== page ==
Alice is a child who is seen and not heard. The four-year-old is the easiest pupil to manage in her nursery school but, although this quietness may seem like a blessing, her family is seriously worried.
‘Alice is no trouble to her teachers,” says her mother, Kay Rippin. ‘The only problem is, she doesn’t talk to anyone — not to them and not to the other children either.”
Alice has selective mutism — she doesn’t speak, except to close family and friends. It’s a complex and much misunderstood condition that is, at root, about extreme anxiety. Rippin didn’t realise anything was wrong with Alice, who had always been bright and chatty at home, until a teacher mentioned the little girl wasn’t saying a word to anyone.
‘I was shocked but I went home and looked the condition up, and realised that it’s a form of phobia,” says Rippin. ‘Alice has always been shy — she’d look away when strangers said hello, for example — and now this anxiety had become a fully fledged phobia, which meant she literally couldn’t make her voice work in front of anyone she didn’t know and trust really well.”
According to Maggie Johnson, a speech and language therapist and one of the few members of her profession to specialise in treating children with selective mutism, the condition is poorly understood, not only among the public but also among professional health workers.
‘For a long time it was thought that these children were choosing not to speak but, in fact, it’s an inability to speak caused by anxiety — the vocal cords literally freeze up and no words can come out. ‘Children with the condition are almost always sensitive and wary of change. They tend to need a lot of reassurance.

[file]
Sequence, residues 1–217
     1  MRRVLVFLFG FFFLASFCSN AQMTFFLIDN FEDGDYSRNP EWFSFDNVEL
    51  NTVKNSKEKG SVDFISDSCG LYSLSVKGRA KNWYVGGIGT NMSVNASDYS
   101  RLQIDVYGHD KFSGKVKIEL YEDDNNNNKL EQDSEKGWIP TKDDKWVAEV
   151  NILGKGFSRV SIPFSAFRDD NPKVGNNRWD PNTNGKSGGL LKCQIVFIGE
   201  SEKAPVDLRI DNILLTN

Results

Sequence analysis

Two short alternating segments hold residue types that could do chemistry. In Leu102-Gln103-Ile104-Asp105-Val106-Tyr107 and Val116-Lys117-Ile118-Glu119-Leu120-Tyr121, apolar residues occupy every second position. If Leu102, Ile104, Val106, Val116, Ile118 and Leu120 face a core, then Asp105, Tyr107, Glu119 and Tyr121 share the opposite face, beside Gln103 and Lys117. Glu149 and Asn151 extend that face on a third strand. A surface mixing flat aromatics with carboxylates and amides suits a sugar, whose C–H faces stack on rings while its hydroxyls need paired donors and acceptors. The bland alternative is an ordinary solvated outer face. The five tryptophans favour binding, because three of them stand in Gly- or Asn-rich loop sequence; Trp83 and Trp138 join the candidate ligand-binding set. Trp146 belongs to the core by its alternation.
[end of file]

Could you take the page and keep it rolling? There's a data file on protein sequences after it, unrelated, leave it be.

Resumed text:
‘Their speech and language skills develop normally but then often there’s an incident that catches them unawares — it can be a very ordinary event, like waking up and finding there’s a babysitter in charge, or it might be something that happens at nursery school. They associate speaking to strangers with a feeling of total panic so begin to avoid situations in which they’d have to speak to strangers,” says Johnson.
The condition can be debilitating, preventing children from interacting normally and from learning normally at school. If left untreated it tends to get worse.
Simon Wainwright knows this only too well. His 13-year-old daughter, Catherine, has been seriously affected by her mutism. ‘She can’t talk to anyone except her immediate family and one or two very close friends,” he says.
‘So, even though she’s at secondary school, she can’t travel there independently and her life is likely to be more and more curtailed by her inability to communicate.” Catherine’ s problems were obvious from around the age of three but Wainwright says he found it extremely difficult to find anyone to treat her.
‘We waited over a year for a referral and then we were just passed from agency to agency as Catherine’s condition worsened. I contacted a health visitor and got put in touch with the speech and language service, only to be told that they didn’t ‘do’ selective mutism.”
‘Yet,” Johnson says, ‘there are lots of simple things you can do to take the fear out of the situation for younger children and that can gradually wean them off their phobia. The most important thing is to stop putting them in situations where they have to talk. It’s like putting a child who’s terrified of the dark into a pitch-black room.”
Treating older children with selective mutism is often thought to be harder because their phobic behaviour is more ingrained but, says Johnson, it’s not impossible for them to ‘unlearn” their fears and begin to speak again.